What is Midwestern food? Is it jello salads and casseroles made with canned soup? Or, in these cheffed-up times, it is possible that it could be more than that? That, in fact, it's always been more than that? Amy Thielen seeks to answer these questions in her book The New Midwestern Table, and along the way maybe teach you how to pickle some fish. The book is part of a new partnership between Random House and Food Network, so the book is being released in tandem with Thielen's new show Heartland Table, which premieres tomorrow (September 14) at 10:30 ET.
Here's the problem with defining a Midwestern cuisine: the Midwest is huge, and no one can agree on where, exactly, it is. Is Oklahoma in the Midwest? Is Western Pennsylvania? How about Wyoming? Thielen is from rural Minnesota, which most people will agree is solidly Midwest. And yet her food is different than, say, the food at Colby and Meghan Garrelts' tribute to Missouri-style Midwestern cuisine at Rye outside of Kansas City. Thielen is pickles and freshwater fish and Scandanavian baked goods while Rye is fried chicken and barbecue. Neither one is wrong, but it just goes to show how much variation there is within this largely untapped regional cuisine.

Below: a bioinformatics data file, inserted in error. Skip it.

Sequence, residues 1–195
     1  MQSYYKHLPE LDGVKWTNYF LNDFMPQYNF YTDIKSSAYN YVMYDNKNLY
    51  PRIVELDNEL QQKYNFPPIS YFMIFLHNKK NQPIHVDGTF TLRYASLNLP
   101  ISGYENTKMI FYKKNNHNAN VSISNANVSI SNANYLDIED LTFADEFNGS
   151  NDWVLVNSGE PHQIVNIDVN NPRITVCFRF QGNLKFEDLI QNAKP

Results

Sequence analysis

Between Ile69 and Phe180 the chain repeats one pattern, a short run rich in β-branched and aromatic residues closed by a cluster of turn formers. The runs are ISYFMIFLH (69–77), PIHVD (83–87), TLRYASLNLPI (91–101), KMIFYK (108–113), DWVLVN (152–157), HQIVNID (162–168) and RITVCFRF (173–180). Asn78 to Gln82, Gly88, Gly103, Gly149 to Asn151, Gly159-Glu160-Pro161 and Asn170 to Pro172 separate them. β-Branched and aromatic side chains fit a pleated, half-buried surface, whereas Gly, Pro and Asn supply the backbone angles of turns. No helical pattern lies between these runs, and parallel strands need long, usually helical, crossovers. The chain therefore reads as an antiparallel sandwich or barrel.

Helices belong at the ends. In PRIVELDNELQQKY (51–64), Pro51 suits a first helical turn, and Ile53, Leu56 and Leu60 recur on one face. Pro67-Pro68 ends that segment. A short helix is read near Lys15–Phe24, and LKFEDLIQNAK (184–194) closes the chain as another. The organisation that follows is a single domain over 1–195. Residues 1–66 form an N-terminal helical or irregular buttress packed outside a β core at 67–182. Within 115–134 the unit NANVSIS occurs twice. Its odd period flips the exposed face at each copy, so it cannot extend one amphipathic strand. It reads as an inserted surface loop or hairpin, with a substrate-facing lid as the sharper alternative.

Thielen brings her Minnesota background and her experience as a chef in New York City to the table for a modern (and more youthful) take on the flavors of what one might call the Upper Midwest. What that means is that there are recipes for Best-Ever Beer Soup (no Velveeta here), chicken paprikash, a dressed-up hot dish that's topped with Ritz crackers, lengthier projects like canning preserves and making your own sauerkraut, and more. Below, a peek inside the book and a preview of the show. The New Midwestern Table is out from Clarkson Potter September 24 (pre-order on Amazon).